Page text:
The road you’re on, whether you’re walking, driving, or biking, doesn’t care about your feelings. It doesn’t care that you’re tired, angry, frustrated, elated, or numb. The road remains the road regardless of how you feel about it, and if you want to get to where the road leads, then you must continue on your journey until your destination.
Much has been written about the heart throughout history. It has become the most notorious of body parts, not only because it pumps blood to the rest of the body thereby keeping it alive, but because it is very fickle. You can loathe one day what you loved the day before; your heart can turn to stone when once it was inviting and welcoming, and seeing the impermanence of it, Jeremiah even called it deceitful above all things, and desperately wicked.
Even for someone of Jeremiah’s penchant for strong words, calling the heart deceitful above all things, and desperately wicked seems overly harsh. On the surface, perhaps, but once you begin to look into your own heart with honesty and objectivity you realize that Jeremiah was right on the money when it came to understanding the nature of flesh, and the heart that often wanders aimlessly looking for something other than what it already possesses.
We find ourselves in the weeds because we’ve wandered off the path. We find ourselves stuck in quicksand, in the swamp, in places we ought never to have ventured because rather than following the road, we followed our heart. We allowed that whisper telling us that we’re smart enough to find a shortcut to become a roar, and off we went, following our hearts, veering off the path that is Jesus in an attempt to prove Him wrong.
After all the bluster, doublespeak, and faux sincerity, what it boils down to is men attempting to prove Jesus wrong, in that although He said He was the way, denoting singularity, they have found other ways, wholly bypassing Him in the process.
If we do not resist the urge to follow our hearts, the rest of us will inevitably follow where the heart leads, even though where it leads may be uninhabitable, and dangerous. That’s the reason Jeremiah saw the heart as both deceitful and wicked. Not only will its pull never be toward the light, but it will also attempt to deceive you into believing that the terrain towards which it is pulling you is an easier trek than the road you are currently on.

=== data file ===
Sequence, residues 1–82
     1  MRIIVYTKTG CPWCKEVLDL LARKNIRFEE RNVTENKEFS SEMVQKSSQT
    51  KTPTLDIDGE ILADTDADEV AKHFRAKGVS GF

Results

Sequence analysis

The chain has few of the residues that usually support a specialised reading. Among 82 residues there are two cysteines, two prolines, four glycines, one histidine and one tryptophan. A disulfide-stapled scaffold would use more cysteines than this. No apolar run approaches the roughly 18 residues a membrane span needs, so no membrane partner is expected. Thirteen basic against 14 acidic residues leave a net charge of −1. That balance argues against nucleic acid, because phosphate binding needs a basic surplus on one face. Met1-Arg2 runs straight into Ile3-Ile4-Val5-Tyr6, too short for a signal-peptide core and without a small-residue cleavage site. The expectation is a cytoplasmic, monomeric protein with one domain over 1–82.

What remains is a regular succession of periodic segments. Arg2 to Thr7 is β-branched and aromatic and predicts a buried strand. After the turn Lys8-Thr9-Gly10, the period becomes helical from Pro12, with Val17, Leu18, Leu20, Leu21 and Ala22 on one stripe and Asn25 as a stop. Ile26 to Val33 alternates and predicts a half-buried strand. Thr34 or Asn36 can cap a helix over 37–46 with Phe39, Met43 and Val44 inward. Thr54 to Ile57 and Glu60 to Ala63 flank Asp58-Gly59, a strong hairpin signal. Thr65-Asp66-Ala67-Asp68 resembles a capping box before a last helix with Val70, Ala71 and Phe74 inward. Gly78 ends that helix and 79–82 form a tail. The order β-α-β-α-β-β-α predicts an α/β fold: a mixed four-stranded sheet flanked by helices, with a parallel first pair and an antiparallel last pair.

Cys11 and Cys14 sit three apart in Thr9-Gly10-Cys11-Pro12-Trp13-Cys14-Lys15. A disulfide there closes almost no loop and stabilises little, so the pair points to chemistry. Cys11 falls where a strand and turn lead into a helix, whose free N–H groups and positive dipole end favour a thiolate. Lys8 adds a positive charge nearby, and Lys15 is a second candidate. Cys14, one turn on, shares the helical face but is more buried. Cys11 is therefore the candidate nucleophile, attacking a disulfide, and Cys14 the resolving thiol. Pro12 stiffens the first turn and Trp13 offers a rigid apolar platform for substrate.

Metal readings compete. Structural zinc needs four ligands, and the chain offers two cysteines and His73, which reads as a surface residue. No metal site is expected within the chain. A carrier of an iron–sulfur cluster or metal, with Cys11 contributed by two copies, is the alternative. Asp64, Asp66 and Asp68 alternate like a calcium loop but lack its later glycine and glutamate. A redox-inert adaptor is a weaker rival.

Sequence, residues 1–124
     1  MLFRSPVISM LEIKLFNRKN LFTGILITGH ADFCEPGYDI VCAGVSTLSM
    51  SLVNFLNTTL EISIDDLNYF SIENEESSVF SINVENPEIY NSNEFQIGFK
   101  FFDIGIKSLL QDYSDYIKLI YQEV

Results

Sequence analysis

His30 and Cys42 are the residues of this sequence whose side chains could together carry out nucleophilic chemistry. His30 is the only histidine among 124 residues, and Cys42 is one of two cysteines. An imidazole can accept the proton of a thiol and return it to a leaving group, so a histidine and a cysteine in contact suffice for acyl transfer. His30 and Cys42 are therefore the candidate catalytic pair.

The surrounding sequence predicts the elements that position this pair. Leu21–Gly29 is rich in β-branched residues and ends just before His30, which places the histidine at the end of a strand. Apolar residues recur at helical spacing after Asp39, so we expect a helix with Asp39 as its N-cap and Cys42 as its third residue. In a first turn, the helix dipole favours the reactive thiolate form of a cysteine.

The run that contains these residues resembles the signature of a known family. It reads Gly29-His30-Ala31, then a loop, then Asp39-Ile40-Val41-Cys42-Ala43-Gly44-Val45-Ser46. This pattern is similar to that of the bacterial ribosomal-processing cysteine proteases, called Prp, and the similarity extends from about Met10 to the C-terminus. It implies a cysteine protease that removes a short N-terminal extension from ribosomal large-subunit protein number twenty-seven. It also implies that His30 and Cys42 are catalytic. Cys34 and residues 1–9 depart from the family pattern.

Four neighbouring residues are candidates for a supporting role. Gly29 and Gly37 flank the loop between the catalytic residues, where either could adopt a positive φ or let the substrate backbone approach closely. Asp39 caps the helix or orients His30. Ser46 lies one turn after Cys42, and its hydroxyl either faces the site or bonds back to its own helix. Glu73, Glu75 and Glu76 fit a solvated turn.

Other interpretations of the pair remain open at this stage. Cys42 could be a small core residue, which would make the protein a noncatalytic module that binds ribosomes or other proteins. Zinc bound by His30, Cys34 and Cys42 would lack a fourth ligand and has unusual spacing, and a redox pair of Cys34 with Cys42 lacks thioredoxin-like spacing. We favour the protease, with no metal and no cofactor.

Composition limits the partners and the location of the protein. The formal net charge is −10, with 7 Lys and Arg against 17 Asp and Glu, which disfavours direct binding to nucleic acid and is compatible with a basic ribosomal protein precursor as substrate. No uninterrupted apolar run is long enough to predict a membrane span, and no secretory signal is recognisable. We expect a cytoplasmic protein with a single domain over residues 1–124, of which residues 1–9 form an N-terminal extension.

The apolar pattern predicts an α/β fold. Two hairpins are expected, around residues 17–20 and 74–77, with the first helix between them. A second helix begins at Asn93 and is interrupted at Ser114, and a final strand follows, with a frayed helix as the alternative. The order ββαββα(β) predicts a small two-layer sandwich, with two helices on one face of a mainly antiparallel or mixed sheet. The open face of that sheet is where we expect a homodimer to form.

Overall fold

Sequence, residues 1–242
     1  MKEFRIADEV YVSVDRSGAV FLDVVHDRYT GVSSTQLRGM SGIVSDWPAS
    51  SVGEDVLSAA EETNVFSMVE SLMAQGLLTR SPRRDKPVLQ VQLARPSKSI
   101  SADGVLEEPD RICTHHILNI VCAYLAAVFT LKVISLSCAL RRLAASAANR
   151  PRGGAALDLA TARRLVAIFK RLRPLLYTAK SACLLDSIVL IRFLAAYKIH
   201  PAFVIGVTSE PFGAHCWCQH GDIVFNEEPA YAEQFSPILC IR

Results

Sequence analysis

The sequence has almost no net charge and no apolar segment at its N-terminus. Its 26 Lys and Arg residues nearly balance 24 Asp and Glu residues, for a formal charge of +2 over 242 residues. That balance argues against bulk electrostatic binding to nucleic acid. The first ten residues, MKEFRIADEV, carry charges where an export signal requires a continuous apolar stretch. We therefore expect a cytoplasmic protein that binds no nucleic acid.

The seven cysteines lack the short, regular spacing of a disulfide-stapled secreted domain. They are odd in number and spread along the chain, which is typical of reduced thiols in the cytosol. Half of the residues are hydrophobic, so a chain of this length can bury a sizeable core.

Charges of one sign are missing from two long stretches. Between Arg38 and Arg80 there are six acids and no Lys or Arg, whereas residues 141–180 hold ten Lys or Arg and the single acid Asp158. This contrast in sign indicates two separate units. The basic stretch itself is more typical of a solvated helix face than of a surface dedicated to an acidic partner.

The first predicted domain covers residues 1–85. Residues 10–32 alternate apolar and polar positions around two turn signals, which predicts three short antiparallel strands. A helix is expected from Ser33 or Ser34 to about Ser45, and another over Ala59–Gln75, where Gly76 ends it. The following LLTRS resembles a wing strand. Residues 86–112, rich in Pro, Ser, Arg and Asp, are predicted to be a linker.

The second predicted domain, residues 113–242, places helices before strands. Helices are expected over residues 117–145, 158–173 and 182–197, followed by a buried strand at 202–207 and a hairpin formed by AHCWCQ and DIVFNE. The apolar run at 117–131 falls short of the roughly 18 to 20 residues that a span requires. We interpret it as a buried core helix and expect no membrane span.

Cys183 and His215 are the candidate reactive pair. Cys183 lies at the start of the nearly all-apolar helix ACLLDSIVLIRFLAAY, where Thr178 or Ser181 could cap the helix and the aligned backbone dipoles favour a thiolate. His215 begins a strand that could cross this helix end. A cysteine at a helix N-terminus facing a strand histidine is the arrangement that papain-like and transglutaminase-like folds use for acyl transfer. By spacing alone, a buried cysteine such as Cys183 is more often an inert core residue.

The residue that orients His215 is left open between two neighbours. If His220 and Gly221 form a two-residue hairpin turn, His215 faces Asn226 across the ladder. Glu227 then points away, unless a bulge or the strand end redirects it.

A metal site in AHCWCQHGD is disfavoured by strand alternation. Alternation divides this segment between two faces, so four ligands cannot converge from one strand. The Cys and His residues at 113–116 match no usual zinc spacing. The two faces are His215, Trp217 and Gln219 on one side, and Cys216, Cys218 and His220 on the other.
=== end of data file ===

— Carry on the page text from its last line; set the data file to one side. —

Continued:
Paradoxically, it’s never the heart we blame when we find ourselves far off the road, going in the opposite direction of our desired destination. Somehow, with enviable mental gymnastics and not a little disingenuousness, we lay the blame at God’s feet for doing what His word tells us we ought never to do.
Feelings are not facts, the heart is not steadfast, emotions cascade, change, morph, intertwine, crescendo, and diminish, but the road is the road, there to be traveled, willing to accept anyone willing to make the journey.
The road doesn’t care if you’re rich or poor, famous or unknown, wise or just wise in your own eyes. The road doesn’t care what color skin you have, where your descendants hail from, or what you did before taking your first step on it. As long as you commit to walking the road faithfully, not looking to the left or the right, as long as you commit to pushing through even when you grow weary, or the climb gets exhausting, you will reach your destination because the road is not only the means but also the end. Jesus isn’t only the way to the Kingdom; He is the King of the Kingdom.
With love in Christ,
Michael Boldea Jr.